- A new study found that trust in Facebook‘s data handling dramatically collapsed following the Cambridge Analytica scandal.
- The study, by the Ponemon Institute, a think tank, found just 27% of people thought Facebook would protect their privacy, compared with 79% in 2017.
- Respondents were upset Facebook did not publicly acknowledge the data breach in 2015.
Trust in Facebook has spectacularly collapsed after the consulting firm Cambridge Analytica was revealed to have improperly accessed data from as many as 87 million users.
A survey of 3,000 people by the Ponemon Institute, a US think tank, reported by the Financial Times, showed that users were significantly more sceptical than they were last year that Facebook would handle their personal information with care.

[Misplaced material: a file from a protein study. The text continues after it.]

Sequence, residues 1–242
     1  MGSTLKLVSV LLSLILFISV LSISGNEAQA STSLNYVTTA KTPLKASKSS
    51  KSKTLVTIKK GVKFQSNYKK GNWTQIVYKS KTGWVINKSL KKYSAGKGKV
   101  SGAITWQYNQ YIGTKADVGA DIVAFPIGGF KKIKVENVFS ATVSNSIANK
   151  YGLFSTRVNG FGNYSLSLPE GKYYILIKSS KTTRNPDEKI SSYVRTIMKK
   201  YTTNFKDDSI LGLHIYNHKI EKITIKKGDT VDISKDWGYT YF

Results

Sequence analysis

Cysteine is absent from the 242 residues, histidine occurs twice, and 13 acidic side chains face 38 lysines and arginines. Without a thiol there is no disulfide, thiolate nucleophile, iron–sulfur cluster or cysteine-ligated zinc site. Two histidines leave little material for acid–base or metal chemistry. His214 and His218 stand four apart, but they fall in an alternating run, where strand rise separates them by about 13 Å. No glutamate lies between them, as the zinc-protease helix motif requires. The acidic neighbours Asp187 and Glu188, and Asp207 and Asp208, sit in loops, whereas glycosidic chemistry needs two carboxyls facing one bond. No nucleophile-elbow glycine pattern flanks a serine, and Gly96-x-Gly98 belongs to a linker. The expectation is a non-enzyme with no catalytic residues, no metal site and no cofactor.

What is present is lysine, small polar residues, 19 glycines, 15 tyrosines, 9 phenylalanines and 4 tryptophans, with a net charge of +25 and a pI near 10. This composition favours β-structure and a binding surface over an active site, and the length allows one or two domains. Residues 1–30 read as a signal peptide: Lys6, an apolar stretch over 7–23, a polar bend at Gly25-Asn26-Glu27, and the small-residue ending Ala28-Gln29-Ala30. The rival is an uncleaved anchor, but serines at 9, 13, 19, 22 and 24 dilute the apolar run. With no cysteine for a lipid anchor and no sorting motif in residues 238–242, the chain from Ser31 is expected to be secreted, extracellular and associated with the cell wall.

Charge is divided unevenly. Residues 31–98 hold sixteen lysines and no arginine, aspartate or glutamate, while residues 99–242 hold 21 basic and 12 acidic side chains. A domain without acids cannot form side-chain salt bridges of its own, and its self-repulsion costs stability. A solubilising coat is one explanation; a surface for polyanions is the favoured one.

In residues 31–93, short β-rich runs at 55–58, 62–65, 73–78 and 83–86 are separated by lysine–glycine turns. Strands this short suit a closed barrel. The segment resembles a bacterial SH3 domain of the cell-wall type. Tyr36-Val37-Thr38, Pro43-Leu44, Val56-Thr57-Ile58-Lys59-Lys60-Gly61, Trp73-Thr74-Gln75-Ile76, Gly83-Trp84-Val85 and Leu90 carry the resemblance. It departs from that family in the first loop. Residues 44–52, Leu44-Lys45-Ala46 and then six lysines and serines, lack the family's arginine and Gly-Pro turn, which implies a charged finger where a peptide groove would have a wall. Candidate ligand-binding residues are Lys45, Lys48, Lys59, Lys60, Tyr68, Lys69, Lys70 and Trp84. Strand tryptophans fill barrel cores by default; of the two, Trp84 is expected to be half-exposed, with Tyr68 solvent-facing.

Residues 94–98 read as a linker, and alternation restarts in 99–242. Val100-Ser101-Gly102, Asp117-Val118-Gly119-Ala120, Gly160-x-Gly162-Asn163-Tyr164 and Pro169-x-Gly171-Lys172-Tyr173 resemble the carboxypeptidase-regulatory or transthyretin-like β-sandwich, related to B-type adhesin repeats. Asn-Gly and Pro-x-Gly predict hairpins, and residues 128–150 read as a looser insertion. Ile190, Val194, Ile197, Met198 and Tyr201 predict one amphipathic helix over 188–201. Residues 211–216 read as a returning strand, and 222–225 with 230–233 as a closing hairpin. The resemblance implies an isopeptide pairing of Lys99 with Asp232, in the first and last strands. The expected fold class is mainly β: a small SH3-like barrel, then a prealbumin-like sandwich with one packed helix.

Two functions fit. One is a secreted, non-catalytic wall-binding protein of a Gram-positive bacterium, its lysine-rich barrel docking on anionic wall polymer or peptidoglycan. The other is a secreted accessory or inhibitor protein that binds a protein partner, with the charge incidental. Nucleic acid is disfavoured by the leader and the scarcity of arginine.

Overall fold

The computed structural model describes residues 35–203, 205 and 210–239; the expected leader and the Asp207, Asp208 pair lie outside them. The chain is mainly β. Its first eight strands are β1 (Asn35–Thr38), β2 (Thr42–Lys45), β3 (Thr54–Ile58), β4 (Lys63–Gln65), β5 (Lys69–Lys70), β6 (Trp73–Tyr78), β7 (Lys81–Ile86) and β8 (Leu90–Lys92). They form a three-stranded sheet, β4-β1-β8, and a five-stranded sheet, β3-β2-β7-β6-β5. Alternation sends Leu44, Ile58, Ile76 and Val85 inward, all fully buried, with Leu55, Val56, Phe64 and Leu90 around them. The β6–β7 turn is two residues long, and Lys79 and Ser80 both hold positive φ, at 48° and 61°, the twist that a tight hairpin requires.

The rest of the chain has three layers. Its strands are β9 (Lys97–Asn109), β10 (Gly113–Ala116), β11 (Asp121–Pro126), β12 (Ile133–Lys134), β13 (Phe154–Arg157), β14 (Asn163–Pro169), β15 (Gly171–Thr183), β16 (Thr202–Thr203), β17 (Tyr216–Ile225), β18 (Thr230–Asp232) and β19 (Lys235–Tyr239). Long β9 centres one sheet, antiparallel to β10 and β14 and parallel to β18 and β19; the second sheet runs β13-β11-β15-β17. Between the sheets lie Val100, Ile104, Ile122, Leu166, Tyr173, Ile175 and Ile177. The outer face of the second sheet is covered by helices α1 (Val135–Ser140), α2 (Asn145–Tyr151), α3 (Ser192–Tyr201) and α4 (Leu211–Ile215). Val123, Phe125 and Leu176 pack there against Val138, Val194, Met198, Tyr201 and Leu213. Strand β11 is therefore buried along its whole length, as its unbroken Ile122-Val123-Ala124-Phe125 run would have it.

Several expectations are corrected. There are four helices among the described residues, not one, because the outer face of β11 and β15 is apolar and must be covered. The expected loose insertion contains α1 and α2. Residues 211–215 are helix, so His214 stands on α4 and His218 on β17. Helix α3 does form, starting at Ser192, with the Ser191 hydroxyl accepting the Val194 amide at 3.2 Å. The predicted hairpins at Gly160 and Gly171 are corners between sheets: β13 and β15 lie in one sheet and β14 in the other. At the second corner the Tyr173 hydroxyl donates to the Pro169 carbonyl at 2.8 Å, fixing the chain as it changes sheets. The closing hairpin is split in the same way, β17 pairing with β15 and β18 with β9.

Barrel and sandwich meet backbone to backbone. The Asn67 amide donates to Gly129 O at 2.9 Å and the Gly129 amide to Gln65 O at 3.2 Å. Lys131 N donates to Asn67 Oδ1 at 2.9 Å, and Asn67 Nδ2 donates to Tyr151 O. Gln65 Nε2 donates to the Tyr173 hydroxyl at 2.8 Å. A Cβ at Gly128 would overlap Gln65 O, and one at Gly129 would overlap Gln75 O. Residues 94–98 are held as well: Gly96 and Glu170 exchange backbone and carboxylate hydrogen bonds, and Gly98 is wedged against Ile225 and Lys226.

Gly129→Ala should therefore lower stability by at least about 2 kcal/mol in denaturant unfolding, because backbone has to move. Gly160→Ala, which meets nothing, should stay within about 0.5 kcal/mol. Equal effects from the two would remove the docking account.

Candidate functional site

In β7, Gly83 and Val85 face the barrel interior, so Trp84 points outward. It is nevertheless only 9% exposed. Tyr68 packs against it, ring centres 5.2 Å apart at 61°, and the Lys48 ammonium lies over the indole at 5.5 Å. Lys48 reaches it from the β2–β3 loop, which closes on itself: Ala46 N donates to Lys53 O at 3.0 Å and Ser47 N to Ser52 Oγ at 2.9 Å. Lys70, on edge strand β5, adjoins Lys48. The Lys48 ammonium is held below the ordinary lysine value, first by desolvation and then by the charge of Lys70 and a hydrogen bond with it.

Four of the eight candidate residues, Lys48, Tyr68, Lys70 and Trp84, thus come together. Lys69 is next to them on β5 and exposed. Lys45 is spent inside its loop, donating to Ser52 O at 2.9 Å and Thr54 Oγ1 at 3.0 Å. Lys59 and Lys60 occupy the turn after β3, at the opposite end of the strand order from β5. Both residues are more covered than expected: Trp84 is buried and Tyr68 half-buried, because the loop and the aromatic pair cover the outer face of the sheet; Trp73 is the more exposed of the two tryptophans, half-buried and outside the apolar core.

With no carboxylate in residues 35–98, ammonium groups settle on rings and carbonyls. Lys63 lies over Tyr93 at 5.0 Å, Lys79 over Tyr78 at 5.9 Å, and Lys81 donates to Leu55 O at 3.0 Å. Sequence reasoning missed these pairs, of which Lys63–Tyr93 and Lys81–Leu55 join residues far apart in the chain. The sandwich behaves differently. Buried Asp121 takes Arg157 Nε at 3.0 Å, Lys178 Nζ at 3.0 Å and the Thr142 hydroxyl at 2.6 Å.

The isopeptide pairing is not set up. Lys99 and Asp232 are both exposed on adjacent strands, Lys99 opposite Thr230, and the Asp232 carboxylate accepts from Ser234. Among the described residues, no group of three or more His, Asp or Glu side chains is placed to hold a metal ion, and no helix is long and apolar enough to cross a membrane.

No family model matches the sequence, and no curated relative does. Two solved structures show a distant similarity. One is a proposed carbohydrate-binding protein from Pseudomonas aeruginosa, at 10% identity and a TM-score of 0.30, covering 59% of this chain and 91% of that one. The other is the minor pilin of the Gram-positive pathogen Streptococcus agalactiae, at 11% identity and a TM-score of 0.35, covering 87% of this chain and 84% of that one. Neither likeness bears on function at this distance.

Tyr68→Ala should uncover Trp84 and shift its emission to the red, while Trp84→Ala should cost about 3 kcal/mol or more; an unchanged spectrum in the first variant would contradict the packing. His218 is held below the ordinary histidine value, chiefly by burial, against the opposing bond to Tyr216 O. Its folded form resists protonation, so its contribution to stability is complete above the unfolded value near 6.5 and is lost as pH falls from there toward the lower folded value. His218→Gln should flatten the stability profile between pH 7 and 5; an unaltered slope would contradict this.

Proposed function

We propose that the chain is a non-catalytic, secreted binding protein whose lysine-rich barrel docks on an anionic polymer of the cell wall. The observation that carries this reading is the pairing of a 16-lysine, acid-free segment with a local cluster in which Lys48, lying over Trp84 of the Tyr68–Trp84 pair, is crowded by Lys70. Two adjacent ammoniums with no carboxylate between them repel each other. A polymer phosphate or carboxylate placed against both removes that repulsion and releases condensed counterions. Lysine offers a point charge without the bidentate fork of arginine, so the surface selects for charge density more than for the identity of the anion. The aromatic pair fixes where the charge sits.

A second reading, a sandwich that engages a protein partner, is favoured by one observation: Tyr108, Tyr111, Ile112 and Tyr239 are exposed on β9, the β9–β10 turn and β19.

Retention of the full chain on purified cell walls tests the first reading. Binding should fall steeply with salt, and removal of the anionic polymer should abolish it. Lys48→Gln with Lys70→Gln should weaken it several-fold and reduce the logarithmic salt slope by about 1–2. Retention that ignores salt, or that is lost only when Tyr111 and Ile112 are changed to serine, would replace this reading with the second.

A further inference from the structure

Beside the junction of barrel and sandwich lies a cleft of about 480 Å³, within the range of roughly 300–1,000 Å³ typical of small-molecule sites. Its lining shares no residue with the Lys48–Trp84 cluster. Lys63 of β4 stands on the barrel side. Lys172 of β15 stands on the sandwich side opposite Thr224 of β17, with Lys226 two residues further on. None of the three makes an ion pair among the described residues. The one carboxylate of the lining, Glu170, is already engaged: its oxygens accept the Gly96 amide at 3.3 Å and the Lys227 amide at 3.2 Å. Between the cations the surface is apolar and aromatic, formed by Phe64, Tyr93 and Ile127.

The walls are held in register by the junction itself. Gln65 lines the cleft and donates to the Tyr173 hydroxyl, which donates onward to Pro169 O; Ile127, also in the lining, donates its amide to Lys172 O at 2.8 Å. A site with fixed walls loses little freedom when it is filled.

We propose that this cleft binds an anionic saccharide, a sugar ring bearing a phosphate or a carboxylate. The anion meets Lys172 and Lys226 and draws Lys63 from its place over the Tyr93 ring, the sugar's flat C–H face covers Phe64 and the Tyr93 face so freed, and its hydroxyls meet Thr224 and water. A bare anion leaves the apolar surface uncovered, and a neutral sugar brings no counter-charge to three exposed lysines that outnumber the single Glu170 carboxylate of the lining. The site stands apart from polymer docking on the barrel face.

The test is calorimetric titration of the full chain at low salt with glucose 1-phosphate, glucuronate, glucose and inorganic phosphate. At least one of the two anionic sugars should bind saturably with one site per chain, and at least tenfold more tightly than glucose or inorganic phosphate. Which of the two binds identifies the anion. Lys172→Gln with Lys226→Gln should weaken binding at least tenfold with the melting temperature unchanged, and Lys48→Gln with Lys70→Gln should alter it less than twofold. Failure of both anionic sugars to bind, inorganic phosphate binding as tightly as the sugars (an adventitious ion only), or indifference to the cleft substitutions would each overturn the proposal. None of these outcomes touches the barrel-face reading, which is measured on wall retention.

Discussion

In the week after the former Cambridge Analytica staffer Christopher Wylie’s revelations about the data breach, just 27% of respondents to the Ponemon study agreed with the statement “Facebook is committed to protecting the privacy of my personal information.”
This was a substantial drop from the 79% of people who agreed with the statement in 2017. In fact, the graph below suggests confidence in Facebook’s data handling had been trending up since 2015.
The findings support Business Insider Intelligence’s 2018 Digital Trust survey, which found that 81% of Facebook users have little to no confidence in the company to protect their data and privacy. These fears were considerably more pronounced for Facebook than they were for Instagram, LinkedIn, Snapchat, Twitter, and YouTube.
Ponemon has been polling US Facebook users for most of the past decade, according to the FT. It said some respondents were particularly upset the company had not informed them of the Cambridge Analytica data breach in 2015, when Facebook learned of it.
“They put Facebook on such a high pedestal that the bottom is more painful,” Ponemon’s chairman, Larry Ponemon, told the FT. Business Insider has contacted the think tank for the full results of its survey.